Escape Route Maps

Our thanks to Sherri Greene Ottis for allowing us to reproduce the following map, “Major Escape Routes Through France, 1940-1945.” from her book, Silent Heroes, Downed Airmen and the French Underground, Lexington, Kentucky: The University Press of Kentucky, 2001.  The map was designed by John Hollingsworth.   Although there were other escape routes, these certainly were some of the most important.  To enlarge it and make it more readable, click once on the map and then once again.

A similar map was prepared by the National Museum of the US Air Force, which has kindly allowed us to reproduce it below.  To enlarge it significantly and make it more readable, click once on the map and then click a second time.

Major Escape Lines, Map of the National Museum of the AF,090617-F-1234P-004

Both of above maps appear to have been inspired by a map, “Main evasion routes in western Europe,” that was published  on p. 64 of the book M.I.9 Escape and Evasion 1939-1945, by M.R.D. Foote and J.M. Langley, Boston: Little, Brown and Co., 1979, 1980.  That map can be viewed at  In addition, a map of the Comet Line escape route can be viewed at the Le Reseau Comete website at .  On that website scroll down to view the map.

The following map was published in the June 2007 issue of the Air Forces Escape and Evasion Society newsletter, Communications,  No source was given.  Nevertheless, it gives some idea of the complexity of the different escape routes.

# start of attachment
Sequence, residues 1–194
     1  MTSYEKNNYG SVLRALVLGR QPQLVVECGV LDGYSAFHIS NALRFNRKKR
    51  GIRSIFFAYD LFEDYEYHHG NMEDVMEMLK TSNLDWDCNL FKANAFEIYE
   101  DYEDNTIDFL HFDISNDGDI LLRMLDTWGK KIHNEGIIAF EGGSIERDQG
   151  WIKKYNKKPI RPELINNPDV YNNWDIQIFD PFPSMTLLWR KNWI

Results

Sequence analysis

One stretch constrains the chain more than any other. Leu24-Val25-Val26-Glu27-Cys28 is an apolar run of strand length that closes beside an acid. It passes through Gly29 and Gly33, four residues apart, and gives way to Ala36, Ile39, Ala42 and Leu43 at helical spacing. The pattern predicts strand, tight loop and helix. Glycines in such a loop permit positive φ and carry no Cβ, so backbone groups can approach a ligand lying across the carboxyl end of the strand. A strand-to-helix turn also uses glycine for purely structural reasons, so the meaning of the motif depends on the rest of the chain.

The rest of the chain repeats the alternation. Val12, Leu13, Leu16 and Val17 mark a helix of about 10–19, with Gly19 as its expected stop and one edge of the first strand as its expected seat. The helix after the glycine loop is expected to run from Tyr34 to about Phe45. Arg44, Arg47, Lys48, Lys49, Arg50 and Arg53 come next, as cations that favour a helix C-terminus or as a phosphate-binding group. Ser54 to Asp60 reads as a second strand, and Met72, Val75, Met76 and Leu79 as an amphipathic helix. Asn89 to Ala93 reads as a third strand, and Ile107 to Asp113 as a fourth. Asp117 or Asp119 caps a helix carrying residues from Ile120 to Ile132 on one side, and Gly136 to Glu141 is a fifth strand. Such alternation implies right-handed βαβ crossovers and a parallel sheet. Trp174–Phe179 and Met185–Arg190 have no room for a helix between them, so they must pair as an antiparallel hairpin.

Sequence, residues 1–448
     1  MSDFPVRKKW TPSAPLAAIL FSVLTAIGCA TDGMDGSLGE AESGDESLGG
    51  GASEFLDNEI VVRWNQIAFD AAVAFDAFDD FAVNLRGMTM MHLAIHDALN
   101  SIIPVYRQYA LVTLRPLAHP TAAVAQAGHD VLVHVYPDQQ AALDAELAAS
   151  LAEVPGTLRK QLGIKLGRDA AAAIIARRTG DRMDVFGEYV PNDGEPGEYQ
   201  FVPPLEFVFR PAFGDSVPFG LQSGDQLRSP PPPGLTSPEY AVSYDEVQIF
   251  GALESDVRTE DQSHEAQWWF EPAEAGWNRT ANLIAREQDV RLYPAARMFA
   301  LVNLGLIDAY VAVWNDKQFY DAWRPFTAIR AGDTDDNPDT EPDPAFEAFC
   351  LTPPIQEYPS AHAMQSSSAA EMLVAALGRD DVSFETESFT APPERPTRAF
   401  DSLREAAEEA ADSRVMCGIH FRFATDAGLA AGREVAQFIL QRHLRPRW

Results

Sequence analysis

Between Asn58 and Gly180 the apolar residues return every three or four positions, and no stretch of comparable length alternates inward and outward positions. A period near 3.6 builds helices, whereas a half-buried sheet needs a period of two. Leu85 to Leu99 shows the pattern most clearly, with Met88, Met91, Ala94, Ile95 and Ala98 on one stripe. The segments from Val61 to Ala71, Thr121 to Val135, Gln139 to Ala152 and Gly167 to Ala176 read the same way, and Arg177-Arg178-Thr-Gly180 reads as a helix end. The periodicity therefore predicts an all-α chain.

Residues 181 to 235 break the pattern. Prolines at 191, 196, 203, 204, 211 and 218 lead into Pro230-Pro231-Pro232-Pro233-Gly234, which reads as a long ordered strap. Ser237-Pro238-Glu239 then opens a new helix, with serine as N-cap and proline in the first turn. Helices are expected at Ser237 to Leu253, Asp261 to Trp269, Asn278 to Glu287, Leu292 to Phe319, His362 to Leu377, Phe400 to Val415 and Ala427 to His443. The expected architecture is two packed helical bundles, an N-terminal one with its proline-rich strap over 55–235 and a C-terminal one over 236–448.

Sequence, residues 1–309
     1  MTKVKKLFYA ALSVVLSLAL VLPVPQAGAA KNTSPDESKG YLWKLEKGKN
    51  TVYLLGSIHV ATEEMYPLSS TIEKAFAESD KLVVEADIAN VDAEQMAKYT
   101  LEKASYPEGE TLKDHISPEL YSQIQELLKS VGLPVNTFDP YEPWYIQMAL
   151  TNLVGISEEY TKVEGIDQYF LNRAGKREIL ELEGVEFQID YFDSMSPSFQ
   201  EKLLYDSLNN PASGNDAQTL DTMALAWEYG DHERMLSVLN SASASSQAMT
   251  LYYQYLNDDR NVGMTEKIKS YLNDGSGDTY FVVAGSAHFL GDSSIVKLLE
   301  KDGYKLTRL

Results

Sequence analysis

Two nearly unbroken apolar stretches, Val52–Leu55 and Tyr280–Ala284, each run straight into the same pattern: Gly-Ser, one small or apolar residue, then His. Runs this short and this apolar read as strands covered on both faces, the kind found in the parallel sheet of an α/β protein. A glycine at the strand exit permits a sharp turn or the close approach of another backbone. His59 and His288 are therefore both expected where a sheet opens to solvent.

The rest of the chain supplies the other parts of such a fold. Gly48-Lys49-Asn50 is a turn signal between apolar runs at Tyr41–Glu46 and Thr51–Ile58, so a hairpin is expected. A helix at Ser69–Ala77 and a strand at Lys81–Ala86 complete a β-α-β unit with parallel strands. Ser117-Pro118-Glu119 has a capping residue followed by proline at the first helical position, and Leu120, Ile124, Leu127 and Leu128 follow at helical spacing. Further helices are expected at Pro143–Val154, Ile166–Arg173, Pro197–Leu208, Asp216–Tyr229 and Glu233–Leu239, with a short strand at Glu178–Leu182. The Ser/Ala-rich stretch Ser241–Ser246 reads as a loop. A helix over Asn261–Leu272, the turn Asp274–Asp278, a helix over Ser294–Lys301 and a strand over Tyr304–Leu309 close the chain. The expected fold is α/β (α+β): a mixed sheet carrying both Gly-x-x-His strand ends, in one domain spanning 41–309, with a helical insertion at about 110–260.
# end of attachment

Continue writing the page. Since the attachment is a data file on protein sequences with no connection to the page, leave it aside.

Escape Line Map from June 2007 AFEES newsletter

Belgian Ministry of National Defense Escape Line Map

The following map appeared on pg. 213 of the book Livre D’Or de la Resistance Belge, Ouvrage publié par la Commission de lè Historique de la Résistance instituée par le Ministère de la Défense Nationale.  Publication date was sometime after the end of WWII.

Lignes de Rapatriement -- Pendant l'occupation. Belgian Ministry of Defense

Lignes de Rapatriement — Pendant l’occupation. Belgian Ministry of Defense

Dutch-Paris Line

The map below of the Dutch-Paris Line escape routes appears in the following book: Megan Koreman, Gewone helden: de Dutch-Paris ontsnappingslijn 1942-1945, Amsterdam: Boom Uitgevers, 2016.  [Translation of Megan Koreman, Ordinary Heroes, forthcoming with Oxford University Press, March 2018].  It is copyrighted and may not be duplicated without permission of the publisher.  It is reproduced here with the kind permission of the author and publisher.  Copies of the book can be ordered though Dutch bookstores or from the publisher.


The following map, Main evasion routes in western Europe, was published on page 63 of the book MI9 Escape and Evasion 1939-1945 by MRD Foot and JM Langley in 1979 and 1980 by Little, Brown and Co.  The current copyright holders require the following acknowledgement: “Map Main evasion routes in Western Europe from MI9 Escape and Evasion 1939-1945 by Michael Foot and J.M. Langley reprinted by permission of Peters Fraser & Dunlop ( on behalf of the Estate of Michael Foot.)”

Main evasion routes map from Foot and Langley book, p. 63

Another escape route map is to be found on pg. 12 of the March 2013 issues of the AFEES newsletter.  Click on the following to access it:  and scroll down to pg. 12.

An escape route diagram to Switzerland, as opposed to a map, is to be found on pg. 7 of the June 1997 issue of the AFEES newsletter.  Go to the newsletter archive at and scroll down to that issue.  Then click on the pdf file for the issue.

Two additional escape route maps are to be found at the following website:

Following are links to WWII maps of Belgium, France, and The Netherlands showing borders,  cities, and roads as they were at that time:

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